Bathroom wet wipes may not be flushable after all. They’re clogging sewers in the state and sending taxpayer money down the drain. As more cities face this issue, experts argue over which products to blame.
Warsaw wastewater utility manager Brian Davison says wet wipes aren’t breaking down like they should in the sewer.
“They’ll clog the pumps which then cause a sewer backup upstream from that pumping station so potentially we could have sewage backup into basements, run out onto the ground,” he says. “It can cause problems.”
That includes environmental issues when that sewage flows into nearby rivers and streams.
What’s more, it’s making another problem in Indiana’s sewers worse. Warsaw assistant utility manager Larry Hyden says the wipes bind to fats, oils, and grease — which are notorious for their stink. He says he’s nearly lost his lunch before.
“Probably the worst smell I’ve been involved in, yes,” he says.
Davison says cleaning out these wet wipes gets expensive and that cost gets passed on to the residents of Warsaw. He says every time his team gets a call to fix a backup in the middle of the night, it could cost as much as $2,000 in overtime and equipment.
Hidden “Do Not Flush” Logos Lead To Uncertainty
This isn’t just happening in Warsaw, or even in Indiana. Cities all over the country are experiencing these clogs — and some are crafting laws to prevent them. New York City and Washington D.C. are trying to pass legislation that would change the requirements for wipes to be marketed as flushable.
According to the Association of the Nonwoven Fabrics Industry, only 7 percent of disposable wipes are marketed as flushable. The problem is, it’s hard to tell. Wet wipe companies don’t make it that obvious on the packaging.
“These are Pampers and underneath this flap is where it says Do Not Flush,” says Bradley Fix, superintendent at Shelbyville Water Resource Recovery Facility.
Fix is also a part of the water quality nonprofit the Water Environment Federation — or WEF. He says WEF has been working with the wipes industry to make bigger logos where customers can see them.
Unfortunately, that’s about the only thing that industry and wastewater officials can agree on. They have different ideas about what should be considered “flushable” and how to test products to make sure they dissolve.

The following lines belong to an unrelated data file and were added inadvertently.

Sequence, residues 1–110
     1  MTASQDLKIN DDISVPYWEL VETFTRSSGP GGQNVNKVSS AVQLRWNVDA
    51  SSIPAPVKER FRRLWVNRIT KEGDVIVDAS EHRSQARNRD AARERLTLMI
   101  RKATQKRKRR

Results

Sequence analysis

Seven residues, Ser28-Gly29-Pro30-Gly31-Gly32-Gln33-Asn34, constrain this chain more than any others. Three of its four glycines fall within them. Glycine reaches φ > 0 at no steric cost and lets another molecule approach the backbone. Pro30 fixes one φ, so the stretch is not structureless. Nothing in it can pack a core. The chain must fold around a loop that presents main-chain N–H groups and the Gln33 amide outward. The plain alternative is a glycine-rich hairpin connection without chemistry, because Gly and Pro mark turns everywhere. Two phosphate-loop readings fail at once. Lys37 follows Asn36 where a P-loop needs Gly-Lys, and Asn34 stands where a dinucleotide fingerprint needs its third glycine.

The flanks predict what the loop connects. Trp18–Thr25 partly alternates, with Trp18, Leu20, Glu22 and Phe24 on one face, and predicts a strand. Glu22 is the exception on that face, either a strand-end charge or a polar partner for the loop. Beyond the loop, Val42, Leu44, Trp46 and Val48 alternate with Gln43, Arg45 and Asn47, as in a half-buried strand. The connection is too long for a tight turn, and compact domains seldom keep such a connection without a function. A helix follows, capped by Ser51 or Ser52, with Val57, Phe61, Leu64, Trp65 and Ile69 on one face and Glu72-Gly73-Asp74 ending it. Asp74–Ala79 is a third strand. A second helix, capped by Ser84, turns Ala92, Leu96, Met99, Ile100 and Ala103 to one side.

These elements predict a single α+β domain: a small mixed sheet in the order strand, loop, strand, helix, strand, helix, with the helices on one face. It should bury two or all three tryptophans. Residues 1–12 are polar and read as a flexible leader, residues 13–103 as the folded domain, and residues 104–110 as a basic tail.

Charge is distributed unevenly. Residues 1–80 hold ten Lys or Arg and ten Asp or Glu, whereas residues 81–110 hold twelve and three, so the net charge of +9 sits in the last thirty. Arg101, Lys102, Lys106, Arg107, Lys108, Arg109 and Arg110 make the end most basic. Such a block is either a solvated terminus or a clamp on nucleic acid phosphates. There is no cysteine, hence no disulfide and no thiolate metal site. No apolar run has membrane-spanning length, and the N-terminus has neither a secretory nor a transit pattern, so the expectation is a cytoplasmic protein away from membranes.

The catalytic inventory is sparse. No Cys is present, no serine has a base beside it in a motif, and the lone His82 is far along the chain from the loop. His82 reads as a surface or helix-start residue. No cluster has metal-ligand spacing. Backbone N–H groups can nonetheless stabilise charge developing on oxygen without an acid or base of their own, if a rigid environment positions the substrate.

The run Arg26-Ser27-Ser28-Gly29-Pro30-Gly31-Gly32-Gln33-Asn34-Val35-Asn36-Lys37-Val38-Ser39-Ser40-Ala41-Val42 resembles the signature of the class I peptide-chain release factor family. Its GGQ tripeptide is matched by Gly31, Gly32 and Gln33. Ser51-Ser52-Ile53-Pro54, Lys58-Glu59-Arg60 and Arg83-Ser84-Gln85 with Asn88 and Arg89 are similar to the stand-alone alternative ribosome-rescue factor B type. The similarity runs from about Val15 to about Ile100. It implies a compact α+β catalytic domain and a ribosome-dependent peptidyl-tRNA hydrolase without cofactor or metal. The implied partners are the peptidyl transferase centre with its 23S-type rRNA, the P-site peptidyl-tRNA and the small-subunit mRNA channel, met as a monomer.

Should Any Wipes Be Flushed? Wastewater Says No, Industry Says Yes
The wipes industry argues that flushable wipes do break down, it’s other disposable wipes that are to blame — like baby wipes. President of the Association of the Nonwoven Fabrics Industry, Dave Rousse, points to a 2016 study where objects were sorted in a New York City wastewater facility.
“The largest constituent was paper towels. Paper towels not designed or marketed to be flushed,” he says.
However, the New York Department of Environmental Protection has refuted this study and says it’s not representative of what the agency’s seen in New York’s sewers. But even if the study’s findings are accurate, wastewater experts say flushable wipes have started a bad trend.
“They were kind of that first category of wipes that were saying, ‘Hey you can flush this, it’s allowed. Put it down your toilet. It’s not a big deal,’” says Brianne Nakamura of the Water Environment Federation. “They really kind of changed the consumer’s perspective of what can go down the toilet.”
Without Regulation, Can The Problem Be Fixed?
It’s unclear if that perspective will change any time soon. The Association of the Nonwoven Fabrics Industry creates guidelines on flushability for wipes brands, but they’re voluntary. There’s nothing that legally binds companies to follow these rules.
Back in Warsaw, Larry Hyden says people need to know that simply flushing a wet wipe can cause expensive problems in their communities.
“Even though it says flushable on it, doesn’t always mean that you should just flush it down the drain because out-of-sight’s not out of mind for us anyhow,” he says.
Brian Davison says his office has sent out several notices to Warsaw residents asking them to stop flushing wipes. For a while it works, he says, but problems often crop up again months later.
While education may be key to keeping wipes from clogging Indiana’s sewers, it may take a bigger effort than what one town can provide.
Indiana Environmental reporting is supported by the Environmental Resilience Institute, an Indiana University Grand Challenge project developing Indiana-specific projections and informed responses to problems of environmental change.